How to copy/paste between a console and an X session?
What’s the fastest way to copy/paste between a non-graphical console (<Ctrl><Alt><F…>) and an X session ?
Right now :
- I select the text with the mouse on the console (I’ve installed gpm)
- Then I paste the text inside a temporary file
- And finally I switch over to the x session, open the temporary file, and copy/paste its content
Is there an easier way to do this ? Can the primary selections of the non-X console and the X session be merged ? Ideally I’d want to select the text in the console, then switch over to the X session and paste it (middle-click). Can this be done ?
The "best" way to achieve that sort of thing is almost probably opinion based.
The way I prefer uses the backlog of the native terminal.
Knowing that the backlog of tty[N] can be accessed via /dev/vcs[N], I simply fire
cat /dev/vcs[N] from my Xterm and do whatever I want with the result displayed.
Of course if your Xterm user is different from the owner of the tty you want to dump, you might need to use sudo.
BTW, as wisely reported in the comments, you might be annoyed with the formatting due to the absence of line feeds.
man vcs will give you possible workarounds :
Note that the output does not contain newline characters, so some
processing may be required, like in
fold -w 81 /dev/vcs3 | lpr
setterm -dump 3 -file /proc/self/fd/1
A good alternative is to install
bsdutils and use
sudo apt install bsdutils
Script started, file is typescript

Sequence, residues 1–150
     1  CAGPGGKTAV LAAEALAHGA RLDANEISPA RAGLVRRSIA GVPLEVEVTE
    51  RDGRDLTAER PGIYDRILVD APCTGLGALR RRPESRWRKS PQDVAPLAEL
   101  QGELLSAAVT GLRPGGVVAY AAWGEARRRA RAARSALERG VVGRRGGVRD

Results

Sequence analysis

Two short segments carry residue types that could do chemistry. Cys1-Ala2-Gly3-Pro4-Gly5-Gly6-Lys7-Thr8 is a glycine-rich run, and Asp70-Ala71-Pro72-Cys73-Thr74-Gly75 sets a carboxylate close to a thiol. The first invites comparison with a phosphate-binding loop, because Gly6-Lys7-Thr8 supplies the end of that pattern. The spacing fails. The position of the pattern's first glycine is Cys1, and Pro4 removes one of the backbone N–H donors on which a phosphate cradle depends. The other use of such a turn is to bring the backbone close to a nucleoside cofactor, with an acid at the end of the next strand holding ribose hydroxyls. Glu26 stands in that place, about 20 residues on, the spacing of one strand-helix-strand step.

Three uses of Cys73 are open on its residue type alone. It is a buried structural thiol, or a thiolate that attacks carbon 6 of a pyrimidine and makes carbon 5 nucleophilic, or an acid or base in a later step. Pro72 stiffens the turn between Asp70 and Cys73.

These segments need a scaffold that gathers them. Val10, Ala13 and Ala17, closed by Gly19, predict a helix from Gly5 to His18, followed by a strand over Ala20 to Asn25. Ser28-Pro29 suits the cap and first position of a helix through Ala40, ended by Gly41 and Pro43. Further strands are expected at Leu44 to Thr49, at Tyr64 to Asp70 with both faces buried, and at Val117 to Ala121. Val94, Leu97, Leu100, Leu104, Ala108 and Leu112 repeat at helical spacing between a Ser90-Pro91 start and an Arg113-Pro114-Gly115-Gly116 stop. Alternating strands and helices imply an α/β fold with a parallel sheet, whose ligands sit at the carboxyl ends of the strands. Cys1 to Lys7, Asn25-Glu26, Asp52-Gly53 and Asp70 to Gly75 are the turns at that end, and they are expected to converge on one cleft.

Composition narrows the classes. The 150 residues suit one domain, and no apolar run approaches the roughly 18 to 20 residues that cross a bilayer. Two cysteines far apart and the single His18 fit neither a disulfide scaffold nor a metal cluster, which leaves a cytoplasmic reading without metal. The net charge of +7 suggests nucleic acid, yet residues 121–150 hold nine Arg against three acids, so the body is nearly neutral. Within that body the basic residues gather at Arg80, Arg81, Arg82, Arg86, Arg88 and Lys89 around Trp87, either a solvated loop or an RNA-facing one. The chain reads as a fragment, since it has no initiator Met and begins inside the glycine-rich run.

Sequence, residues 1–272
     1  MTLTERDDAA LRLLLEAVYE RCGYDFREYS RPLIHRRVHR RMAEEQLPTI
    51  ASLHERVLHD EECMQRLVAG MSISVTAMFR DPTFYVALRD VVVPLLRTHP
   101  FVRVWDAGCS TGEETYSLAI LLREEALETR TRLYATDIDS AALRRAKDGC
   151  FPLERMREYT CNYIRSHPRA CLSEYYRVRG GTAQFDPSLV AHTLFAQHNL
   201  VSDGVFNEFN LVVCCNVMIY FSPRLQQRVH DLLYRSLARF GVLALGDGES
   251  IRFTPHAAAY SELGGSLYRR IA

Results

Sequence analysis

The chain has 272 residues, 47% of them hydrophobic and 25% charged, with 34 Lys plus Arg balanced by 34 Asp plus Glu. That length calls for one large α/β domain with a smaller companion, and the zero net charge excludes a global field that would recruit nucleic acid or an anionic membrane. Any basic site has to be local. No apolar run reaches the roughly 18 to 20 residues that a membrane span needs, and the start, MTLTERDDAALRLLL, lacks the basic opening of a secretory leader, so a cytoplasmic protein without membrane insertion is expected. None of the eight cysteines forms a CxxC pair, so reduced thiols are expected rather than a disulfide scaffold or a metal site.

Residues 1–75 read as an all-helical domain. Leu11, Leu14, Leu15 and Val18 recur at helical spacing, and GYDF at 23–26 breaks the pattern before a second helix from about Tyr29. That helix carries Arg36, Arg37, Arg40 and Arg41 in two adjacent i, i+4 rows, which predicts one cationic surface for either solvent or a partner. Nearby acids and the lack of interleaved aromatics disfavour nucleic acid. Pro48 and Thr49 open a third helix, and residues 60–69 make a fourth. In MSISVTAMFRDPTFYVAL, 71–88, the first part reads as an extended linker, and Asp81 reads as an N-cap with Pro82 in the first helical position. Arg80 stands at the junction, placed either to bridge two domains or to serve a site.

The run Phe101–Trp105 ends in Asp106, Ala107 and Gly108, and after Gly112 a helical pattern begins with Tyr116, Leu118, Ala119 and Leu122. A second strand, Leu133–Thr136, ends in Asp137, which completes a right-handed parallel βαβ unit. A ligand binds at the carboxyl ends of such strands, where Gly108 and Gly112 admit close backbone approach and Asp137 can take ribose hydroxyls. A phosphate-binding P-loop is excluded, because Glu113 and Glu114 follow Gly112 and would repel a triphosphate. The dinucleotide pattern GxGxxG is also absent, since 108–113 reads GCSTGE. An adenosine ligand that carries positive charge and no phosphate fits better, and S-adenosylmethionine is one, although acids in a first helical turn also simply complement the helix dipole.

$ type commands
Afterwards you can read the commands and output from another place, for example a terminal window, with
less -R to take care of the ANSI formatting, but it works with
$ less -R typescript
Another thing you can do is use screen. It creates a virtual terminal that can be detached from any tty/pty and reattached to another terminal.
So, for your use-case, it would be start the screen session on the console:
~ $ screen -L -S TestTerm
And, to clarify, "-L" turns on logging, which creates a logfile in the directory you started screen from, and "-S" gives the screen session a name that can help you discern which session is which when you list all screen sessions with "-ls".
Now, if you have to run the application from the console, then run the application, and as it is running, hit "(Ctrl+A)+(Ctrl+D)" to detach from the screen session. Then go into your desktop, open a terminal and run:
~ $ screen -ls
There is a screen on:
1 Socket in /tmp/screen/S-ChennyStar.
Now, you have the PID and name of your screen session, so reattach it to your xterm:
~ $ screen -d -r 10296.TestTerm
And, to clarify, "-d" tells screen to detach the session if it is still attached elsewhere, and "-r" tells screen to reattach the session to your current terminal.
Depending on the amount of output you want to copy, the output may have gone outside of the initial terminal buffer when you reattach. However, if it is that much output, the logfile will contain all of the output for you, as well.
Hope that helps.
You can use the
xsel to set the clipboard in X, and you can set the
DISPLAY variable to tell it which X to connect to. As long as you are using the same user account, programs started from a terminal should have no problem connecting to X, if
DISPLAY is set.
some command | DISPLAY=:0 xsel -ib